Yes, according to the U.N. itself, the guy who is famous for saying "If you're going through hell, keep going" (Winston Churchill) and the guy who is famous for saying "The only thing we have to fear is fear itself" (Franklin D. Roosevelt) were not able to use their combined intellects to come up with a better name than "United Nations." To be fair, "League of Nations" was already taken and maybe they were a bit concerned about the cape and tights thing, but surely they could have picked something at least slightly cooler, like "The United Annihilators of Conflict" or "The Fists of Peace." Okay so maybe those aren't great names or anything, either, but let's face it, if the U.N. was called "The Fists of Peace," it probably wouldn't have nearly as many untold truths because literally everyone would want to know what it was up to.

Technically, Russia isn't a member of the U.N. Security Council

The Soviet Union was a charter member of the United Nations. But the Soviet Union no longer exists, which makes things, well, kind of complicated. According to the Conversation, Russia's recent bad behavior has created questions about its place on the U.N. Security Council. After all, Russia isn't even supposed to have that seat because it technically belongs to the Soviet Union.

If you're wondering how the U.N. let that slide for 30 years, well, they didn't. After the USSR fell apart in 1991, the former Soviet republics decided that Russia should take over the old USSR's seat on the Security Council. Russia asked the U.N. if that was cool, the U.N. said "yes," and that was that.

Today, some legal experts question that decision. The USSR no longer exists, they argue, and because Russia can't claim to be a continuation of a country that no longer exists, it doesn't have a legitimate right to that non-existent country's seat on the Council. So is Russia going to get the boot? Probably not. Like diamonds and seats on the Supreme Court, the Security Council is forever. And since there's a remote possibility that the United Kingdom might one day break apart like the Soviet Union did, well, let's just say that England probably doesn't like what that might mean for its future with the U.N.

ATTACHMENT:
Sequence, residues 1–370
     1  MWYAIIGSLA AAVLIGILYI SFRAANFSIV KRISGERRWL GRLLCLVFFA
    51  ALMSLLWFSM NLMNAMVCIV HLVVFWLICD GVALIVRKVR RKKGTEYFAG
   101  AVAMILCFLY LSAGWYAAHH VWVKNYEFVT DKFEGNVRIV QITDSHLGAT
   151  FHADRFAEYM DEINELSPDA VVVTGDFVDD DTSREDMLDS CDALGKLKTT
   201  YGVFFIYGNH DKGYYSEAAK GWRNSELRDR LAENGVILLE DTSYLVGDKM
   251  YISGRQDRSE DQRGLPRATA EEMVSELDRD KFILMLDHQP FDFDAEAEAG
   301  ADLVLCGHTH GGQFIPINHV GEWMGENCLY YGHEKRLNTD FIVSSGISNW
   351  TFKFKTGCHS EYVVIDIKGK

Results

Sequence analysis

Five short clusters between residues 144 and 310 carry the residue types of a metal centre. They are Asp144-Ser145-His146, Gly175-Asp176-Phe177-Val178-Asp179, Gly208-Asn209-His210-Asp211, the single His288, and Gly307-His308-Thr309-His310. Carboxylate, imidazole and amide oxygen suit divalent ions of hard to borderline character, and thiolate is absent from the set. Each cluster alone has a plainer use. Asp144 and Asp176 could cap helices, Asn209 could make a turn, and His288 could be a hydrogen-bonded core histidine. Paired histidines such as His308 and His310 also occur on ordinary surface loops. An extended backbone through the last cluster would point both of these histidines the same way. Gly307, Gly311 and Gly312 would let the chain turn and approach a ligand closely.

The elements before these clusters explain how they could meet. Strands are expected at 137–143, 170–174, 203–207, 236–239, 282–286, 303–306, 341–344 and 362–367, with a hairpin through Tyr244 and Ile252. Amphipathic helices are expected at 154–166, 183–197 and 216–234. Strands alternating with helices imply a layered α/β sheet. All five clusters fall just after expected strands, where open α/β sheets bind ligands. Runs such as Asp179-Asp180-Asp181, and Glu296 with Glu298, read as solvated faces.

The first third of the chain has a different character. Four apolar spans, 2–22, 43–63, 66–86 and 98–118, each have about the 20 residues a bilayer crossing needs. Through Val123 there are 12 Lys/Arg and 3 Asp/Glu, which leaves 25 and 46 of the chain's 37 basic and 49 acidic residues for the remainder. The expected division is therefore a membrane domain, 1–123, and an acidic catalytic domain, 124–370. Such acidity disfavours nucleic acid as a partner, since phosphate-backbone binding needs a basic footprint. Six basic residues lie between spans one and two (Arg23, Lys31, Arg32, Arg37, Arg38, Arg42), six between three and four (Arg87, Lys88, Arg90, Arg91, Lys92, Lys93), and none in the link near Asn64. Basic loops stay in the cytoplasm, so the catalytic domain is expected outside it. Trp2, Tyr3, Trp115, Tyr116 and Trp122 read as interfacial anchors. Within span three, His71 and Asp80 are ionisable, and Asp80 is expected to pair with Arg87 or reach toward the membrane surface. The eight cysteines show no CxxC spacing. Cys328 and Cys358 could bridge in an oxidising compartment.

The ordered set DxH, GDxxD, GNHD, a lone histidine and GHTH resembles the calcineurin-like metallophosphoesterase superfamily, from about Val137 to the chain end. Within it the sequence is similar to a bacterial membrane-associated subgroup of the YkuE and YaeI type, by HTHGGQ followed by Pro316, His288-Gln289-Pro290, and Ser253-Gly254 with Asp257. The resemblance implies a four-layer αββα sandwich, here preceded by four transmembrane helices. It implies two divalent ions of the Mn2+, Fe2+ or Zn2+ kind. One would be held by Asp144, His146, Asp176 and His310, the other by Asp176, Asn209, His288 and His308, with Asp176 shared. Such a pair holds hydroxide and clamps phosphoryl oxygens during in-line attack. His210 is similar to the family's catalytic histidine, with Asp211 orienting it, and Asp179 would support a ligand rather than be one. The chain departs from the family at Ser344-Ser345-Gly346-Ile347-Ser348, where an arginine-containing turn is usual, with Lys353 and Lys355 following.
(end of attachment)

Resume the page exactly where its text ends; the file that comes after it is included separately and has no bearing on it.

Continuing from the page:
Here's an idea, let's make war a tiny bit less horrible

For centuries, human beings have understood that war stinks. It's not like people emerged from World War II with lightbulbs over their heads and said to each other, "You know what, war was supposed to be super fun but that was totally un-fun." War has been devastating families and communities since the first caveman clubbed his neighbor with the back leg of a mammoth and said "ugh." So it's unclear why it never occurred to anyone to, you know, write down a couple of rules outlining the fundamental rights of human beings.

To be fair, the United Nations says human beings have made half-hearted attempts to regulate war for centuries, but it wasn't until relatively recently that people started to get mad when governments would rip out a living person's innards and burn them in front of his face while spectators cheered and ate crumpets (looking at you, England). The 1899 Hague Conventions was the first real attempt to outlaw certain wartime actions but the real word on what's cool and what's not cool during armed conflicts came with the Geneva Conventions in 1949. Among other things, the Geneva Conventions outlawed torture, hostage-taking, "wilful killing," attacking civilians, faking a truce flag, and destroying hospitals or objects of art, culture, or science. These don't exactly sound like modern ideas, but they are wholly modern ideas that might not have ever been written down if it wasn't for the U.N.

They don't just do war

The U.N. is known for its peacekeeping operations, but that's actually a small percentage of what they do. In fact, according to the Guardian, the money the U.N. spends on military stuff is only about 1% of what the United States spends on its military, so either they're being totally under cautious or the U.S. is maybe overspending on the military. Who knows.

In its spare time, the U.N. does a lot of humanitarian stuff. It has an initiative to end hunger (the World Food Program) which it describes as "the world's largest humanitarian organization." The program is staffed by 20,000 people and provides food to people in more than 80 different countries. And just in case you're picturing C10s just dropping crates of food and flying off, there's also a "teach him to fish" aspect of the program. WFP also helps farmers increase crop yields and reduce losses, with the goal of not having to deliver so much food once farmers can produce enough for everyone.